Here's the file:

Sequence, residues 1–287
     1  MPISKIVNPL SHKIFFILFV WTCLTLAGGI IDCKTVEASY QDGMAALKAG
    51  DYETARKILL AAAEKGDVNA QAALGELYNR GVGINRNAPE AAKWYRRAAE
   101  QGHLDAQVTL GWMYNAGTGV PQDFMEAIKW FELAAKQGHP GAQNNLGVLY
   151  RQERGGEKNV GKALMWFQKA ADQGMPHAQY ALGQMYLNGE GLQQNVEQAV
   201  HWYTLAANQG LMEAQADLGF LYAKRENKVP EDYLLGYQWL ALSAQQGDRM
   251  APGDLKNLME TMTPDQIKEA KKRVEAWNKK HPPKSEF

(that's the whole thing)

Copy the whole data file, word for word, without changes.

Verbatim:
Sequence, residues 1–287
     1  MPISKIVNPL SHKIFFILFV WTCLTLAGGI IDCKTVEASY QDGMAALKAG
    51  DYETARKILL AAAEKGDVNA QAALGELYNR GVGINRNAPE AAKWYRRAAE
   101  QGHLDAQVTL GWMYNAGTGV PQDFMEAIKW FELAAKQGHP GAQNNLGVLY
   151  RQERGGEKNV GKALMWFQKA ADQGMPHAQY ALGQMYLNGE GLQQNVEQAV
   201  HWYTLAANQG LMEAQADLGF LYAKRENKVP EDYLLGYQWL ALSAQQGDRM
   251  APGDLKNLME TMTPDQIKEA KKRVEAWNKK HPPKSEF